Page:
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Functional connectivity of developing hippocampal networks: characterization of “circuit-hubs”

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Brain researchers think outside the box

European scientists have now confirmed that neuronal networks in the brain function much like the 'hubs' of activity found all around us, from the internet to air traffic flow.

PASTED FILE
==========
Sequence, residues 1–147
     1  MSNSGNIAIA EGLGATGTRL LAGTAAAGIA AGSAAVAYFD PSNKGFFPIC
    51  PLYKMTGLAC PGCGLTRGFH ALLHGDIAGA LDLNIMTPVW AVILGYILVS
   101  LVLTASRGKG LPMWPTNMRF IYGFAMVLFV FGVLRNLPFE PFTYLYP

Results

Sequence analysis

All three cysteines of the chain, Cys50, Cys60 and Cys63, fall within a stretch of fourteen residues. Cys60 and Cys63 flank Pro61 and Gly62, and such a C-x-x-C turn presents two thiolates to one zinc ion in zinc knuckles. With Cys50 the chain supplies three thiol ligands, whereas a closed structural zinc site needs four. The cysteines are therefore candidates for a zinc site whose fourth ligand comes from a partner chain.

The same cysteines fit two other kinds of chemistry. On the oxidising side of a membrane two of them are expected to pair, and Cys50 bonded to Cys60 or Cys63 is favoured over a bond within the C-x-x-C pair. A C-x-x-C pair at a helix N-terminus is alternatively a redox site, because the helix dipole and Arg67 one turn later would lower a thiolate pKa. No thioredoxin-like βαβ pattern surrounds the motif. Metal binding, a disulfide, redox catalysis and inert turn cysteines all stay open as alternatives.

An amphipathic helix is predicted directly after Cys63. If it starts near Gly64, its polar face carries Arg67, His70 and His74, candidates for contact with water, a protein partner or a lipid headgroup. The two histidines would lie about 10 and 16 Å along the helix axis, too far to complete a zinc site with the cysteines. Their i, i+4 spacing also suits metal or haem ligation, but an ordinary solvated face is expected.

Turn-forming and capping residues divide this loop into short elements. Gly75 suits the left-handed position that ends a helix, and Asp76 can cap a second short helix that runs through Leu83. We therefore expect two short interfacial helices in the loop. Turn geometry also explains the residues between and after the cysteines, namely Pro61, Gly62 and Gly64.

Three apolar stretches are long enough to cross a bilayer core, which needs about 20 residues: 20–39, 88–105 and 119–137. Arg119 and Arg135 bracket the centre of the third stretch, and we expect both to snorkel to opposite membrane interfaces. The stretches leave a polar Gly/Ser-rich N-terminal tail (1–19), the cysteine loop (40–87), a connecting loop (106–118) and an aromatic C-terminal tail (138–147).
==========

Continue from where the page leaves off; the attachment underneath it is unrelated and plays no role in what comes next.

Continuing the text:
A team of European scientists came together to prove a point - well, several points. First, they confirmed what they suspected: that when you cross scientific disciplines like mathematics with neurobiology you get some novel and thought-provoking results. Partners in a European project, called 'Functional connectivity of developing hippocampal networks: characterisation of circuit-hubs’, had a theory about the way networks function. To prove it, they turned to the outside world, rather than microscopes and magnetic imaging, for proof. Their idea was that 'synchronous network events' are dependent on precise connectivity patterns between neurons in the brain. In particular, they tried to establish the existence of so-called 'circuit-hubs' of 'super-connected' cells which transmit information rapidly to developing networks in the hippocampus. And their efforts paid off. 'Our hypothesis was correct and in our project we were able to demonstrate, for the first time, the existence of neuronal hubs,' noted the project partners. Specifically, using sensitive imaging techniques they managed to reconstruct the temporal dynamics of the network to identify the 'hub cells' capable of orchestrating oscillatory activity in a network. They also confirmed that 'hub' neurons are specific cell types (GABAergic cells), which further investigation suggests might be early developed neurons. What's more they showed that brain research benefits from multidisciplinary thinking that bridges mathematics, physics and neurobiology and goes far beyond questions of developmental neurobiology.

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